Katja Vizjak, PhD candidate, University of Maribor, Faculty of Law

Uber is considered a part of contemporary collaborative economy business models that enable people to source jobs from various websites and applications. It represents a new kind of service and generates strong network effect by offering access to bigger markets. The main idea is creating benefits by getting underutilized resources to work in a more efficient way. According to Eurobarometer opinion poll, 52% of EU citizens are familiar with the services offered by the collaborative economy, 17 % of which have already used them at least once.

As a modern alternative to the incumbents this digital platform connects the users to the taxi service providers by means of an online ride-hailing application; it owns no vehicles, it neither employs drivers nor invests in infrastructure of EU Member States, obtains no taxi licenses for some of its services and is therefore incomparably more competitive than the existing providers.

Ever since its arrival from the USA in 2011, Uber has faced numerous unexpected obstacles regarding the operation of its services due to stricter European regulatory system. There are issues regarding the correct and reasonable implementation of the existing legal framework since the legal status of the sharing economy service providers has yet to be determined. In the USA, Uber has already been classified as atransportation network company”; in the meantime, the proper classification in the EU remains unclear, mostly due to the lack of clarity in the existing regulatory framework of the European single market. Upon the request by the Spanish commercial court for a preliminary ruling the CJEU is expected to deliver a verdict on the main purpose of Uber service in 2017; namely, whether it should be considered an information society services company, a transport company or a combination of both. The answer to this question is about to have a significant impact on the future regulation of other intermediary digital platforms.

As far as unfair competition is concerned, Uber opposes this by stating that it does not provide a transport service; if it did, it would underlie the EU member states national legislation on transport services, as stated in the Services Directive, recital 21; instead, it defines itself as an intermediary between the self-employed drivers and their customers, providing information society services protected by the EU principle of freedom of establishment as set out in Article 49 and 56 TFEU, the provisions of European legislation on digital single market, i. e. the e-Commerce Directive 2000/31/EC and the Services Directive 2006/123/EC.

Across EU, the service UberX performed by drivers with a professional license is mostly allowed, but the service UberPOP, which used private non-licensed drivers with their own vehicles, has been discontinued almost all over EU. In response to that, Uber has filed complaints with the European Commission against some EU Member States alleging that they are in violation of Article 49 (freedom of establishment) and Article 56 (freedom to provide services) of the TFEU.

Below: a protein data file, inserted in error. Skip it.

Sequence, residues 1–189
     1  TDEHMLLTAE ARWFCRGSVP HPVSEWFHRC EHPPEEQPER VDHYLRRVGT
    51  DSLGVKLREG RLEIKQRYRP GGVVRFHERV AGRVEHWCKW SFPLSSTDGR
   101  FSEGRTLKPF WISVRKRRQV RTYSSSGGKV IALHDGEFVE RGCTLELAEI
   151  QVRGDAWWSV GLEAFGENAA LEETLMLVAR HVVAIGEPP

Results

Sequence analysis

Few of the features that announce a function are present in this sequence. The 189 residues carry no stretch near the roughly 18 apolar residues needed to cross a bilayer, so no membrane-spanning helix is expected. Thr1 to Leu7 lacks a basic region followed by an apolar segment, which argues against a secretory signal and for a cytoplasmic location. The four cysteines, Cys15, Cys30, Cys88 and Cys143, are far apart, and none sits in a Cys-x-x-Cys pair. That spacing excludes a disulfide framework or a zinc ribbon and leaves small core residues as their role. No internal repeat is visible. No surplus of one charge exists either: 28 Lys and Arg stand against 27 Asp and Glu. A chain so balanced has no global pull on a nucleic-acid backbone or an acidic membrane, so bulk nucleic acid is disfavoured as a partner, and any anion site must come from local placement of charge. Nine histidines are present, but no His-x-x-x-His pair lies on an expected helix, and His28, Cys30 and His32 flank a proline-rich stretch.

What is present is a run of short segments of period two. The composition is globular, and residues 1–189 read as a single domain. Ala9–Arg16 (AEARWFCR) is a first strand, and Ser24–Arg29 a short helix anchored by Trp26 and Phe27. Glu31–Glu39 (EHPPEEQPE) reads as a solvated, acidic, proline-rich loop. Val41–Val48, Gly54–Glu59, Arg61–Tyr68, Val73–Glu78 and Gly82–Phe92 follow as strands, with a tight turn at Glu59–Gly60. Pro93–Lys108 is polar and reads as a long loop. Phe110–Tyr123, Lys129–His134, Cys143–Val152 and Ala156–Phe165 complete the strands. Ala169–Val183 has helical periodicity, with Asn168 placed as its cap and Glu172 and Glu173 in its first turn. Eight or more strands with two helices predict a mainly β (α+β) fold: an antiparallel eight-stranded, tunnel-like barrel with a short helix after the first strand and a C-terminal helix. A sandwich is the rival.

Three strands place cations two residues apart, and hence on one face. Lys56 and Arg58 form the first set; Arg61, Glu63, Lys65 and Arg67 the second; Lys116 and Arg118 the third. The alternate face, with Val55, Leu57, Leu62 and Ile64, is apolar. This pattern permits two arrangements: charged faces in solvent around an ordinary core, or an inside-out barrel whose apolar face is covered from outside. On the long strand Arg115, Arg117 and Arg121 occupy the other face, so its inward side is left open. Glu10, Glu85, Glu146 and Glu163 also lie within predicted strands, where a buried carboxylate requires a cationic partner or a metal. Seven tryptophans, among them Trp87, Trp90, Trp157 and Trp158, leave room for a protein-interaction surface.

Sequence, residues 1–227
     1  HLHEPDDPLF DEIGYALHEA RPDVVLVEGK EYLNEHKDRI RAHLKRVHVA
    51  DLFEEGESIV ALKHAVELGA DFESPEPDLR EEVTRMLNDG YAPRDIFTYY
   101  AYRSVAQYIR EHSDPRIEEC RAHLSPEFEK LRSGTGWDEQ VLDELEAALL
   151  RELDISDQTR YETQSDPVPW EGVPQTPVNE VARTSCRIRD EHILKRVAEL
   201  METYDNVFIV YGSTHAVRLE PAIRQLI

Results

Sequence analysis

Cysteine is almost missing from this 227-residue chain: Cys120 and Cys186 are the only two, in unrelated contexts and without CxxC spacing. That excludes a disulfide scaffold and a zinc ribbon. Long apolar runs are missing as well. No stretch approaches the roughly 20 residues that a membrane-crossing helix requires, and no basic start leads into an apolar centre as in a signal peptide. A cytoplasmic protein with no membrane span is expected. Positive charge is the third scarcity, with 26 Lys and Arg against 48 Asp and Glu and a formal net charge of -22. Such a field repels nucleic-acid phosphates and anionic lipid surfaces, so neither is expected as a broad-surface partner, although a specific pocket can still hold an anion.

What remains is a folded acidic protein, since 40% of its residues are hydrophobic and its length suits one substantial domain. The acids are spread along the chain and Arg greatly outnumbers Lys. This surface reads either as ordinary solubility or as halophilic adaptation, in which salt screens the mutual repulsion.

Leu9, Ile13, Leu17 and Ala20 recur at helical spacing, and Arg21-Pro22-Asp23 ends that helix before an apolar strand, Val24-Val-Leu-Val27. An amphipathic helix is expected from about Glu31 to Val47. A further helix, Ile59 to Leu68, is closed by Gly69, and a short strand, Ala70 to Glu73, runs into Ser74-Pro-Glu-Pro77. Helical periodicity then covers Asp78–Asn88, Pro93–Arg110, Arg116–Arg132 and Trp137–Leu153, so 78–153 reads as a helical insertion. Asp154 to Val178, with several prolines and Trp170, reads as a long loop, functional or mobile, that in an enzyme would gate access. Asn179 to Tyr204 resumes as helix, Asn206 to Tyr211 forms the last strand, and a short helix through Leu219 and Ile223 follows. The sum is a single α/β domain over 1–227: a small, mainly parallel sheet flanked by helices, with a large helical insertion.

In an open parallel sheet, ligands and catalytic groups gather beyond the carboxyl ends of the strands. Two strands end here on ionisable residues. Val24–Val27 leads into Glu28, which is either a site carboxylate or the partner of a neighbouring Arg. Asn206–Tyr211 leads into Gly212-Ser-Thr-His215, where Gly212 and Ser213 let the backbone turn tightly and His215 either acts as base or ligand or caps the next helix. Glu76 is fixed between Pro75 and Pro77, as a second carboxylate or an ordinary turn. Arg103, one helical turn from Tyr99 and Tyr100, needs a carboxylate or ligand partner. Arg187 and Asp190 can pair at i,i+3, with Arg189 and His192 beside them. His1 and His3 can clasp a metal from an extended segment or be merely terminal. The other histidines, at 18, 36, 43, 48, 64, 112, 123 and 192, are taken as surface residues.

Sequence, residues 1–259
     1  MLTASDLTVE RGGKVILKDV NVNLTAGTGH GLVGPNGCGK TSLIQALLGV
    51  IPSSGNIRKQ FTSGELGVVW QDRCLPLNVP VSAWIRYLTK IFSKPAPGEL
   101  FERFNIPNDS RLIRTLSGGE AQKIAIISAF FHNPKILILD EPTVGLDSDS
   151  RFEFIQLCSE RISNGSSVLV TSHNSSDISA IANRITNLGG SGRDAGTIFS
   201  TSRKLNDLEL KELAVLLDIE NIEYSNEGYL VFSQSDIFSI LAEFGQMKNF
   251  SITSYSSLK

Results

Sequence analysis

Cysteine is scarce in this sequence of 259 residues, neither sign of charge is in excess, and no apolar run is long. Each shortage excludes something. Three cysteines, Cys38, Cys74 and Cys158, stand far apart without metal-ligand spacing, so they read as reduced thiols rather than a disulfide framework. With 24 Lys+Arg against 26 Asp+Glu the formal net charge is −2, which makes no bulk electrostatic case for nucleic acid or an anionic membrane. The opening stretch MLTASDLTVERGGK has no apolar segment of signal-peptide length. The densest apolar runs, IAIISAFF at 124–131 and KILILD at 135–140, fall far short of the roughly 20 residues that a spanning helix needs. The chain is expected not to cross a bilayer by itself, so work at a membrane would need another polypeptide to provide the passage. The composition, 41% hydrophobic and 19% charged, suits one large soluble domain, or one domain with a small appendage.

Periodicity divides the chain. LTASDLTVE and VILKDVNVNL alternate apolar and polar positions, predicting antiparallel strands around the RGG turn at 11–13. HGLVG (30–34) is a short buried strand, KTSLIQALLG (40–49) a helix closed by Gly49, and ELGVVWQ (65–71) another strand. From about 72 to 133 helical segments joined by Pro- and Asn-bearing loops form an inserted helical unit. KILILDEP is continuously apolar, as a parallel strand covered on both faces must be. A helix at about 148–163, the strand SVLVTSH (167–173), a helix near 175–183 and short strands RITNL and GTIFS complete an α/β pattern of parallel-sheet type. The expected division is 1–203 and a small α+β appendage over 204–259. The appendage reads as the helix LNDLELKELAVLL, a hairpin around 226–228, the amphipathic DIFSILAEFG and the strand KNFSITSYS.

The European agenda for the collaborative economy, issued by the European Commission in June 2016, offers criteria to determine what kind of service a digital platform provides and helps to implement EU legislation in cases of such business models, concerning the requirements as to the market access, liability regulation, consumer protection, employee qualification and taxation, adding instructions to the EU Member States regarding the appropriate, non-discriminatory legislative regulation on the national level in order to avoid obscurity and confusion. Some solutions within EU law have already been proposed for Uber to overcome these regulatory obstacles, based on the combinations of Article 4(3) TEU (the duty of sincere cooperation), Article 49 (the freedom of establishment) and Article 56 TFEU (the freedom to provide services), and rules applying to undertaking, i. e. Articles 101,102 and 106 TFEU. Another possibility would be a special legislative document, a new directive, established by EU, covering all special risks concerning areas of liability, taxation, social security, employment etc. Furthermore, some provisions that cause obstacles of entry to the inner market should be revised and adjusted in order to allow fair competition between the traditional taxi companies and the newcomers, in a way that no category of service should be privileged.

The main question remains, what to regulate (yet not overregulate) and to what extent, in the field of the EU competition and labour law in order to achieve public interest objectives. It is not questionable whether Uber should be able to perform its services or not, but it should be able to operate in a manner that would protect its users and take account of social and environmental costs and benefits.